Students at Central Ohio Technical College (COTC), Columbus State Community College, Marion Technical College, North Central State College, and The Ohio State University will be able to enhance their education and job preparedness in several fields thanks to funding approved by the state Controlling Board to purchase state-of-the-art equipment.
Governor Mike DeWine, Chancellor Randy Gardner, and the Ohio legislature targeted $8 million in the most recent state operating budget to assist Ohio’s public universities, community colleges, and career technical centers in offering the most up-to-date education possible in an effort to provide a skilled workforce for in-demand jobs. The funds will provide nine regional awards as part of the Department of Higher Education’s Regionally Aligned Priorities in Delivering Skills (RAPIDS) program.
Governor DeWine announced the latest round of awards at an event today at COTC’s Knox County campus in Mount Vernon.
“The RAPIDS program awards offer a unique opportunity for Ohio’s postsecondary educational institutions and employers to help address local workforce needs,” said Governor DeWine. “Students are able to gain access to top-notch equipment that helps better prepare them for available jobs.”
RAPIDS grants are used to purchase state-of-the-art equipment for use in education and training programs specific to regional workforce needs. Equipment is often shared among campuses, allowing more students get a quality education more affordably. This regional award, totaling $975,000, will be used to develop talent in the healthcare, advanced manufacturing, and autonomous vehicle technology fields.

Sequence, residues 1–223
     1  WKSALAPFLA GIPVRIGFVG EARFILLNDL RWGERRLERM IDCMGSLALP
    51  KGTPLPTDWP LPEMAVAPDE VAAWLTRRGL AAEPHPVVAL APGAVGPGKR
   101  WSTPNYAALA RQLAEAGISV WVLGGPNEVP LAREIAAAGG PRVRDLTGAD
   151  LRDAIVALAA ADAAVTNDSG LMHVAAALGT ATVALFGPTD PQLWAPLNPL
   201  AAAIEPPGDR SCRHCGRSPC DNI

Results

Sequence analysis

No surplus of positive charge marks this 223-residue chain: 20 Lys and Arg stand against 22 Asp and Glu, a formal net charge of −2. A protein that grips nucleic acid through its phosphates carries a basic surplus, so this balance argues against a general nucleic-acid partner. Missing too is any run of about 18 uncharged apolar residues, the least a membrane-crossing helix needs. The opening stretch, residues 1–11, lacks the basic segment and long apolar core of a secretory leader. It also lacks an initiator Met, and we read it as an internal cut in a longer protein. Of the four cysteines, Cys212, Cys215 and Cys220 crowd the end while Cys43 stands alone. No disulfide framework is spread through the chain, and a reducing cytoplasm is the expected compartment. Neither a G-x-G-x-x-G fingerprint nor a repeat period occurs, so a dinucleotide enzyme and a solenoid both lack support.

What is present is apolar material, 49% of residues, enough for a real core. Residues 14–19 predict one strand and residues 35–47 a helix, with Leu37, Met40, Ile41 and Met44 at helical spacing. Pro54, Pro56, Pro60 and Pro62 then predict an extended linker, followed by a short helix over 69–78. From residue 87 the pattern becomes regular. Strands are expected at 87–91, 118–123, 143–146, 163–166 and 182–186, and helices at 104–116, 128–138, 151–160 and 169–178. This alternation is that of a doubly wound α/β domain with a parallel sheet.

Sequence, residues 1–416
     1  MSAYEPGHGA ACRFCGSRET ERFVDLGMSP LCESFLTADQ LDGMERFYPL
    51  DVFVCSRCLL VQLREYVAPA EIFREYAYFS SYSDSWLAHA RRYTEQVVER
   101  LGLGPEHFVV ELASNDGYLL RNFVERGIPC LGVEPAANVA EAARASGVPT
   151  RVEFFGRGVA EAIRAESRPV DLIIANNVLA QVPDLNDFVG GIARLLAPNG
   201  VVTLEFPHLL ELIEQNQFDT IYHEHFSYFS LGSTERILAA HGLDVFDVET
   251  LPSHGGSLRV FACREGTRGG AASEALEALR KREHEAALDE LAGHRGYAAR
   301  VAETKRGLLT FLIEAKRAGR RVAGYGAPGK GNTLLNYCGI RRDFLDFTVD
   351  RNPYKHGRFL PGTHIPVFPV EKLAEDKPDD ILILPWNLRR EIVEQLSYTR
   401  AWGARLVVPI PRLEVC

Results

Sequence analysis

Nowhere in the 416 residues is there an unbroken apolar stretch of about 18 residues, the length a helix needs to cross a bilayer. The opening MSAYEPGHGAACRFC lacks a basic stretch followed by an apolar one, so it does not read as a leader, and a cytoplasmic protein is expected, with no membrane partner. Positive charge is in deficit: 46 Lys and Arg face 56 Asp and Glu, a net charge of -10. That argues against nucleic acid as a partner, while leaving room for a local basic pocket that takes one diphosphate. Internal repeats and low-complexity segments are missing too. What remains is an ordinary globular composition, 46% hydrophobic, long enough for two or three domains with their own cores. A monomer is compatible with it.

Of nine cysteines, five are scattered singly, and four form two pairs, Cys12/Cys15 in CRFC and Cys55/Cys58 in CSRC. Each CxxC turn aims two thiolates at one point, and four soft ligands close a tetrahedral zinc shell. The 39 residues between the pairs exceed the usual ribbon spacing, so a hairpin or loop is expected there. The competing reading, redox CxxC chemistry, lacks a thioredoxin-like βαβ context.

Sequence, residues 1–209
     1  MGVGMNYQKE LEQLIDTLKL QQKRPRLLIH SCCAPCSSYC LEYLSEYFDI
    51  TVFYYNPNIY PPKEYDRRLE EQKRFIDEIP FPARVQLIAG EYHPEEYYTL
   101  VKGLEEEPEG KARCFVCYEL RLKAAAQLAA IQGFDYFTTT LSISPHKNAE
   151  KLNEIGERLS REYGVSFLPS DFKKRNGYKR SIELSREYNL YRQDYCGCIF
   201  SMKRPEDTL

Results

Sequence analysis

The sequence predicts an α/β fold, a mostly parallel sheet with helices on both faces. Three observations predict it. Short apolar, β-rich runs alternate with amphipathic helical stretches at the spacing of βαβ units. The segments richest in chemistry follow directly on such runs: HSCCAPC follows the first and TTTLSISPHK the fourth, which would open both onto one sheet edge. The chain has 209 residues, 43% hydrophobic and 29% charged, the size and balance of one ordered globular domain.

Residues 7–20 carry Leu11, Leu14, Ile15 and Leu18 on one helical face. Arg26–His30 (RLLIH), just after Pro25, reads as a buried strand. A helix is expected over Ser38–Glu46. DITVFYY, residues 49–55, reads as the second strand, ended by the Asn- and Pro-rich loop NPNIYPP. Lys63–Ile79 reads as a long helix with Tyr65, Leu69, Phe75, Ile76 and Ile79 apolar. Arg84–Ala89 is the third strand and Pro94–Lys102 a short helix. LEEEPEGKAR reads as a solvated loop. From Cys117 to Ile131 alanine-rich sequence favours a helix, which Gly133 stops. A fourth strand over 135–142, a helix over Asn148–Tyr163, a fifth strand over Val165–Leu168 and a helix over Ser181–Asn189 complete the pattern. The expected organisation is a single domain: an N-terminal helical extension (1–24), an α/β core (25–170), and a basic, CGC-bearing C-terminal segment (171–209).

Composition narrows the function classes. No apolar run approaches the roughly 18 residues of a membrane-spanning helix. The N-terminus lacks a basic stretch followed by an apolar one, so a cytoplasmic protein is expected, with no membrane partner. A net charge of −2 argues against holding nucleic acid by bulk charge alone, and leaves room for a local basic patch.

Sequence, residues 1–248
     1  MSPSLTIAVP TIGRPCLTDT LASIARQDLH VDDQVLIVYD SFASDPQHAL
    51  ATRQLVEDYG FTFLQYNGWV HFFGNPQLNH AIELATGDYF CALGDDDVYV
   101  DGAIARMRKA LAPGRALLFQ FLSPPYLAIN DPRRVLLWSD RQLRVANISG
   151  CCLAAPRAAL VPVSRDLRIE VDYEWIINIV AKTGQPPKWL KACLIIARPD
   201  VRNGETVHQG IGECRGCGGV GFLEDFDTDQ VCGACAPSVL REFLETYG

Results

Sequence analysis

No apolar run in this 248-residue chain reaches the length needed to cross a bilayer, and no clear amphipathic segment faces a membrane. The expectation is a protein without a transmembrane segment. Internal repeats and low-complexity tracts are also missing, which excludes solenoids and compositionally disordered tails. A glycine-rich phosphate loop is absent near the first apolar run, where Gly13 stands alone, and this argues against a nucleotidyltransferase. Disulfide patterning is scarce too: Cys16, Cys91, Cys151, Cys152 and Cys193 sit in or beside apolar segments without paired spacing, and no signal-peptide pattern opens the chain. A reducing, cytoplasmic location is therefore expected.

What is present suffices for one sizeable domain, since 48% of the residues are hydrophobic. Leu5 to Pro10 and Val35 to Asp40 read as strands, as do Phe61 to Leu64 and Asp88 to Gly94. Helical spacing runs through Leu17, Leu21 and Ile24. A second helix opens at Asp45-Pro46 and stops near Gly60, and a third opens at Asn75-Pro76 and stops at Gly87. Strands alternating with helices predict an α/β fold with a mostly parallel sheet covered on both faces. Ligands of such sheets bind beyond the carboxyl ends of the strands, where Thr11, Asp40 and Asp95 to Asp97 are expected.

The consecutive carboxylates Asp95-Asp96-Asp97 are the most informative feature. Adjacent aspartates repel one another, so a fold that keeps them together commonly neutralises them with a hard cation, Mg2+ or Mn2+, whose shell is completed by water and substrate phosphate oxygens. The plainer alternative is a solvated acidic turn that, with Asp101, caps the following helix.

“When businesses and our higher education institutions are asked to work together to develop strategic plans for using these funds, it provides students with more opportunities for success while strengthening the regional workforce and Ohio’s economy,” Chancellor Gardner said.
Local business partners said the RAPIDS grants will help fill a need for skilled workers. COTC will use some of its $161,266 award to purchase an Anatomage virtual anatomy table that will be housed at its Knox County campus and also be used by Knox County Career Center students.
“The students will be able to visualize anatomy exactly as they would on a fresh cadaver, but with individual structures that are reconstructed in accurate 3D,” said Lisa Bragg, vice president of human resources at Knox Community Hospital. “Incorporating this technology into the classroom allows for exploration and learning of human anatomy beyond even what a cadaver could offer.”
Other Central Ohio award totals are as follows: Columbus State, $331,672 for advanced manufacturing and healthcare; Marion Tech, $142,011 for healthcare; North Central State, $140,077 for advanced manufacturing; and Ohio State, $199,974 for autonomous vehicle technology.
The RAPIDS program was launched in 2014; these are among the fourth round of regional awards.
About the Ohio Department of Higher Education
The Ohio Department of Higher Education is a Cabinet-level agency for the Governor of the State of Ohio that oversees higher education for the state. The agency’s main responsibilities include authorizing and approving new degree programs, managing state-funded financial aid programs and developing and advocating policies to maximize higher education’s contributions to the state and its citizens.
Ohio Department of Higher Education